I think all teachers cringe when they hear “when I am ever going to use this again.” I like to believe the dumbfounded look combined with annoyance is part of a teacher’s DNA. I can’t help it. It is unnatural for me to respond any other way. Even though I think yesterday’s discussion of using primary source advertisements in the classroom is valid and important, I think a lot of students feel so detached from them because of their publication. But that doesn’t mean the skills are lost. It just means that, as teachers, we need to find current advertisements that connect thematically to the literature. Today we are celebrating Digital Literacy Day and suggesting online print ads that are much more striking and Read more
Tag Archive for Kite Runner
I love the unpredictability of a class discussion. However, I don’t love the varying degrees of participation. I have tried every gimmick in the book to ensure equal participation. Yet, it never fails: some students blend into the background and fail to make a comment in class because they are shy or are unable to overpower the more dominant voices in the discussion. Having your students create and record their own podcast is a great way to solve all of these problems. Read more
Friday Dialogue from Your Two Favorite Educators
As Emily and Aubrey look back over the week they use their razor sharp wit to assess their innermost feelings about annotating.
1. When did you start marking texts? What does your personal style of annotation require?
Emily: I think it started with Mrs. Nell in my senior English class when we were reading Macbeth. She asked to look for repetition of words or images. When I started to recognize the trends I was hooked on annotating and close reading like I’m hooked on Arby’s Beef and Cheddar sandwiches. However, one of the biggest compliments I have ever received about my annotating abilities came on a flight a few years ago. My students were reading Kite Runner and I was re-reading and marking up the text for the stylistic patterns. The woman sitting next to me asked if I was an editor. My response: “No, I’m just a really anal retentive reader.” Still one of the biggest compliments of my life…which maybe says more about my personal life than it does my annotating life!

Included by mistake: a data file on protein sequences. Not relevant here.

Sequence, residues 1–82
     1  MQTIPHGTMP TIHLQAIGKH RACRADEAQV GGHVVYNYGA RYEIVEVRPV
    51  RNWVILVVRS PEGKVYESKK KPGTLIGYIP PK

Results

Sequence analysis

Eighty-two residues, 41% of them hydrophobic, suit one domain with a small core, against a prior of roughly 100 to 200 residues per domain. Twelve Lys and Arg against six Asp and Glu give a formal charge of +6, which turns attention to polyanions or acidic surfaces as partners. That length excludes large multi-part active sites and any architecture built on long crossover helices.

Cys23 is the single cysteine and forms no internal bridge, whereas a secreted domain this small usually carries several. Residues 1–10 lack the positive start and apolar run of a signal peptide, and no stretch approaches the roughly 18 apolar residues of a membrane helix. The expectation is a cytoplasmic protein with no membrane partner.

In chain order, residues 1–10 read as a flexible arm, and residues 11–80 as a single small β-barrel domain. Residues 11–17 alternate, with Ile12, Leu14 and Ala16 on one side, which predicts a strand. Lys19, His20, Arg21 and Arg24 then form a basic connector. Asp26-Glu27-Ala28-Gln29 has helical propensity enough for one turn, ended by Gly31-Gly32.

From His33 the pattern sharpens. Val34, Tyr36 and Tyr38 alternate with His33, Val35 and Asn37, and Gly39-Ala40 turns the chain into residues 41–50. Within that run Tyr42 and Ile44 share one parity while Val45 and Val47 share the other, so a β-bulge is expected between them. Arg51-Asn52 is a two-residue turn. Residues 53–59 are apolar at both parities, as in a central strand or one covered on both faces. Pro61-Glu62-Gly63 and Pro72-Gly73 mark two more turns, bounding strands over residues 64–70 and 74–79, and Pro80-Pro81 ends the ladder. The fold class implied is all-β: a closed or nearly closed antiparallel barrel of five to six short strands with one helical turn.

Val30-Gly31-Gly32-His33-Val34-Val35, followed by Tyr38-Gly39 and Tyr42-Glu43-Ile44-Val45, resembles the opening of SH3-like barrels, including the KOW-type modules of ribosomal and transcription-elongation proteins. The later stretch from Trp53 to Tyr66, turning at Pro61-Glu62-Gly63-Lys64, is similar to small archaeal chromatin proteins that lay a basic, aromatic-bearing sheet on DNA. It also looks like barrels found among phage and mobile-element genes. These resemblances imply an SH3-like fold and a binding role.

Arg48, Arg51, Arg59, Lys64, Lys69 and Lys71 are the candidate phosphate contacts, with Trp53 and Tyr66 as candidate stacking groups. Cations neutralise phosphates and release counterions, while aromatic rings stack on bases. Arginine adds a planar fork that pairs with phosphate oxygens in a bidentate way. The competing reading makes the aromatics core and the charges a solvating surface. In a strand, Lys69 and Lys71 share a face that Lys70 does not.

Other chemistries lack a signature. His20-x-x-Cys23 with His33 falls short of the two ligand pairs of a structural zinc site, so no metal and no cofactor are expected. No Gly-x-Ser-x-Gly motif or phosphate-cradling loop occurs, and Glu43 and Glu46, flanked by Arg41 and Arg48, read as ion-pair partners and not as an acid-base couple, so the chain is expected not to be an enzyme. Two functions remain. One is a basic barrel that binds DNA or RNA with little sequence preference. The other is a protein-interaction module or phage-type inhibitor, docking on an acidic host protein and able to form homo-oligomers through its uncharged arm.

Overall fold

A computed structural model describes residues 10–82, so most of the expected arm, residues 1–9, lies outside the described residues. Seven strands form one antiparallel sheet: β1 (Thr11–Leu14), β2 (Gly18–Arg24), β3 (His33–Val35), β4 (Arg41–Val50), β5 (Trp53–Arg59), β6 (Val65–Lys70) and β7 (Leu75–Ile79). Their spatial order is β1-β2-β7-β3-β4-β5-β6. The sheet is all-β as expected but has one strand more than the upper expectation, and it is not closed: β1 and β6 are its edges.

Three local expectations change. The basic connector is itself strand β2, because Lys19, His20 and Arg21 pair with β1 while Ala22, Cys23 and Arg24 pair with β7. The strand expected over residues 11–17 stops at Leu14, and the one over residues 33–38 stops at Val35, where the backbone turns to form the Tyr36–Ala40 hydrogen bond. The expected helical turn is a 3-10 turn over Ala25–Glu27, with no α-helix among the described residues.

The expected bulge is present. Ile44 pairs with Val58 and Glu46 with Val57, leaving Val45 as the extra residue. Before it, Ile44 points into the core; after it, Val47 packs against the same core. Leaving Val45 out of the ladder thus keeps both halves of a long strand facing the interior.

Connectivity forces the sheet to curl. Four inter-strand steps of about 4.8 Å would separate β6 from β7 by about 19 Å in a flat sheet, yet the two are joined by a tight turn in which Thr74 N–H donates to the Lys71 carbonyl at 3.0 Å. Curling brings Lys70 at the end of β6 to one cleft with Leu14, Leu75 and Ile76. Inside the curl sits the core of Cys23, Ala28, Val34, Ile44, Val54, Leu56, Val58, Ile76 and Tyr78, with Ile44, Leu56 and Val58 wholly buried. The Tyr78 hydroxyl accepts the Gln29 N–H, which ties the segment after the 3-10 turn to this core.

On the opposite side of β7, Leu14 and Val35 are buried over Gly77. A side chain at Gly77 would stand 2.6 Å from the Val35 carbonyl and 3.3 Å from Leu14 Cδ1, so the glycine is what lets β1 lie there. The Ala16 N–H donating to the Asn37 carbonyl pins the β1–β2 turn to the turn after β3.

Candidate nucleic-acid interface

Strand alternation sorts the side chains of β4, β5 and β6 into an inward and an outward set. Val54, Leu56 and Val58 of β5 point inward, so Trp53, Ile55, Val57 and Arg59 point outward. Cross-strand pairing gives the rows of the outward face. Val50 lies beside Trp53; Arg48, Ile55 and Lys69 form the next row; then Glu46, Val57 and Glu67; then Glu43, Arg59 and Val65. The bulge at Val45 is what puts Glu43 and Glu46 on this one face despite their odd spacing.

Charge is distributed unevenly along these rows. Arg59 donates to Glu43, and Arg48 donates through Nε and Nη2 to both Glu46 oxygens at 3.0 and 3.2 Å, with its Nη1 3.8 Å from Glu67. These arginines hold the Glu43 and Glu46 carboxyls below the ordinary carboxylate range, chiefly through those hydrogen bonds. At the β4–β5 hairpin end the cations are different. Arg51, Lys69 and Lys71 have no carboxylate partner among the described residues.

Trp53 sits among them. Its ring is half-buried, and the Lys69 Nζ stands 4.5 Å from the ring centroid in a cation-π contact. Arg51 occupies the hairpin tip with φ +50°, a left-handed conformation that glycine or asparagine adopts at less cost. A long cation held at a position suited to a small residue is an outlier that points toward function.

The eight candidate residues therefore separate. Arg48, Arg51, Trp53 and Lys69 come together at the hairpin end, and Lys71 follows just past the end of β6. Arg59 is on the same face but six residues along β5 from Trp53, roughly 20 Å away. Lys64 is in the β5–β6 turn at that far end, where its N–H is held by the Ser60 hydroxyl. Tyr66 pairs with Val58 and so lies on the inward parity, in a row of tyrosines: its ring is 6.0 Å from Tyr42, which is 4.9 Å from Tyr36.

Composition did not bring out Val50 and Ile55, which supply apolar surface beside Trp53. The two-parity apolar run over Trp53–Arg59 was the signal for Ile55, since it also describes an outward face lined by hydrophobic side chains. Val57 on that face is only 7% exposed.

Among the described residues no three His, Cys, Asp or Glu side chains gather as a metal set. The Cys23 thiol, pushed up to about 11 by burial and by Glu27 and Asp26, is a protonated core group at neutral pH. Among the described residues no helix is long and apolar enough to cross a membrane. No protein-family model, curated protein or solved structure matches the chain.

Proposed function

Aubrey: It’s funny that you say senior year because it was for me too. Mrs. Biehl had us read “The Wife of Bath’s Tale” and I can remember color-coding the entire story at my part time job on a dinner break. Especially the suggestive bits. I highlighted those in green. Back then I was “highlighter.” Now I’m obsessed with post-it notes. Nothing makes me happier than those post-it note flags. I can write just enough on them and also have them on all three sides of the book. They’re so neat and tidy something that comes into direct opposition with my messy annotation. I went to a book club once with my copy of Extremely Loud and Incredibly Close (see day one again) and the response I got was “oooooh” but not an ooooh like people watching fireworks on the fourth of July. More like oooooh, crazy town has arrived.
Emily: Let’s be honest. They thought crazy town had arrived before you pulled out your book!